Last week, it was announced that drug addicts in England are to be given shopping vouchers for complying with treatment programmes. In this week's BMJ, two experts debate whether it is acceptable for people to be paid to adhere to medication.
Rewarding patients to cooperate is not new, argues Tom Burns, a senior psychiatrist at Warneford Hospital in Oxford. Most mental health practitioners reward patients for "healthy" behaviour and financial incentives are no different.
People who criticise money for medicines emphasise the "exploitation of impoverished patients" and worries about how patients would spend the money. But whether a payment represents a just reward or immoral exploitation depends on the circumstances not the transaction, he writes.
Far from being unethical and unacceptable, he believes that money for medication is a refreshingly honest acknowledgement of the different perspectives of the two parties involved.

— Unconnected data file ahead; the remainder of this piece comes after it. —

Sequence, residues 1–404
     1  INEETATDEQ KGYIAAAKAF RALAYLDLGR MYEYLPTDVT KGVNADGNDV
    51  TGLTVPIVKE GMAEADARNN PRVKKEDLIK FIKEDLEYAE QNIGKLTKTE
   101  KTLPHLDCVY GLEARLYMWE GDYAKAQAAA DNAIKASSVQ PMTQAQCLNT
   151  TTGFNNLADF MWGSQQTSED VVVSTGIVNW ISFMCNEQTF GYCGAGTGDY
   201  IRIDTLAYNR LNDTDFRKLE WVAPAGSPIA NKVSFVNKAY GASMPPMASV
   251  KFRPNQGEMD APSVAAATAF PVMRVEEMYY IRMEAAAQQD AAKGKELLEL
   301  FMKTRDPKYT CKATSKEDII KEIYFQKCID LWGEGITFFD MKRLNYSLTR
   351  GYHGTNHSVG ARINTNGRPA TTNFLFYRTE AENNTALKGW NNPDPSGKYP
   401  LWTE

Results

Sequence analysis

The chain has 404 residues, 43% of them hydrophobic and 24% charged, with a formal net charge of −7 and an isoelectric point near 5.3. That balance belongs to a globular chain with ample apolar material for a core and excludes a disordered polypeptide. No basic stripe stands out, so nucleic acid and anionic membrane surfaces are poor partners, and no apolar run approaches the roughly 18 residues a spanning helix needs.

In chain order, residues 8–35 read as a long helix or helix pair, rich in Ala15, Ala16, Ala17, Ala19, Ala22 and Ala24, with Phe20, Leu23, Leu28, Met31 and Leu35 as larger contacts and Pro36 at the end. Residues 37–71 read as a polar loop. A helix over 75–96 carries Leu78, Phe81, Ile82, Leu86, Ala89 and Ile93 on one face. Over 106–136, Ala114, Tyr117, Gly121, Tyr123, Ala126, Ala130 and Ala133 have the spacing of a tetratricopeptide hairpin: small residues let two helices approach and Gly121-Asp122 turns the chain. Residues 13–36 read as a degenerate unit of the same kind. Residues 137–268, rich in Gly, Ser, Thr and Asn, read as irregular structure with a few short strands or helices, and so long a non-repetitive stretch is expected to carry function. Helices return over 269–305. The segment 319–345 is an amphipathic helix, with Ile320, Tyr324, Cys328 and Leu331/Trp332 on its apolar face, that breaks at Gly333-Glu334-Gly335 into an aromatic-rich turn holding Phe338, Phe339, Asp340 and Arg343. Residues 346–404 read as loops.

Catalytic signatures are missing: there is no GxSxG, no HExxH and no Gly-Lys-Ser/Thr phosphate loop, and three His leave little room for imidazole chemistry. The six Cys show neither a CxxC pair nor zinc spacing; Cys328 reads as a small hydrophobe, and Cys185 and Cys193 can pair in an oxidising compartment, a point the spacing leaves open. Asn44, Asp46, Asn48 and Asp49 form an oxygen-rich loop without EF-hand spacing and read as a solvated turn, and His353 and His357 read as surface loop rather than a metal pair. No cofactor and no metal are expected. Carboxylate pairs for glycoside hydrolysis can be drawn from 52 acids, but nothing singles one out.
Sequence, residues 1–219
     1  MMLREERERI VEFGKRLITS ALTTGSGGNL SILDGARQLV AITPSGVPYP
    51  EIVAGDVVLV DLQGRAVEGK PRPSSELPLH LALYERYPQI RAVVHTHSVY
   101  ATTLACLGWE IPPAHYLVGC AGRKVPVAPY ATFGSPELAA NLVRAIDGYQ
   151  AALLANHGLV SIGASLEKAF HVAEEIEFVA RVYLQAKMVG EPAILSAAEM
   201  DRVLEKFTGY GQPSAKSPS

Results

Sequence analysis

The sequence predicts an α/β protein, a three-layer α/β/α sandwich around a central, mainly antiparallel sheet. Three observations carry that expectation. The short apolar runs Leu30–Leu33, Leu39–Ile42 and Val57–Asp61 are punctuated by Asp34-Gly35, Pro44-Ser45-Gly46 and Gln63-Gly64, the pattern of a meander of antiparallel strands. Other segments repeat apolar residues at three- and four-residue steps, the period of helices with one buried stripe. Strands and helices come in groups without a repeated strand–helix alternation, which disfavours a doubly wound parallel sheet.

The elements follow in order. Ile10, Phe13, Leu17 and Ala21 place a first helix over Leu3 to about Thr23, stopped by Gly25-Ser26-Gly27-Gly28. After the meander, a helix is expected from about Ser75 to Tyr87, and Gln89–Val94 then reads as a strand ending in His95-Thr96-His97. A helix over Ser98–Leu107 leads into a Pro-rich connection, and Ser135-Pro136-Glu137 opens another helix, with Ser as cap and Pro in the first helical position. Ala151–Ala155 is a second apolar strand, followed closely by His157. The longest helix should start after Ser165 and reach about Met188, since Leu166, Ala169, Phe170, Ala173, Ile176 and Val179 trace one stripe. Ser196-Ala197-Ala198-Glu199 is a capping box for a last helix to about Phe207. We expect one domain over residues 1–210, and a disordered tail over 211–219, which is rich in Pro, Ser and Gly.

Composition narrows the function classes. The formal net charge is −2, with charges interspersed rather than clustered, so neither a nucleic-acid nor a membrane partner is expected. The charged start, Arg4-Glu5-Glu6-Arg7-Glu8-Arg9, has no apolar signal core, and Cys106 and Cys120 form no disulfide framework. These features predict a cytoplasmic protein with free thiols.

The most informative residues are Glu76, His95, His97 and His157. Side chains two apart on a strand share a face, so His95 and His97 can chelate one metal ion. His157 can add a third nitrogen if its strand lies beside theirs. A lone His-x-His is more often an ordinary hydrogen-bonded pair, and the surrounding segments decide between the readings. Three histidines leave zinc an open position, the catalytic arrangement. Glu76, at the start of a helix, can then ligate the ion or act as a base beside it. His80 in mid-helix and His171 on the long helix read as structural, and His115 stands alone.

Rather than a way to manipulate patients to do what we want them to do it provides a model of respectful exchange, he concludes.
But Joanne Shaw, Chairman of Ask About Medicines, believes that payment is not the way to solve the high costs of non-adherence to medication. Paying for adherence, whether in the form of cash or non-financial benefits, creates perverse incentives and undermines the therapeutic alliance between patients and doctors that is needed for long term health care, she writes.
As soon as money is introduced into the equation, we have created the conditions for fraud, so our first problem is one of policing, she says. Paying people to take medicines also sends a signal that they need to be compensated for doing something that is not inherently in their own interests.
Convincing people to accept treatment when they are reluctant to do so is a genuine problem, but paying for adherence, however seductive it may appear, will never be the way to solve it, she concludes.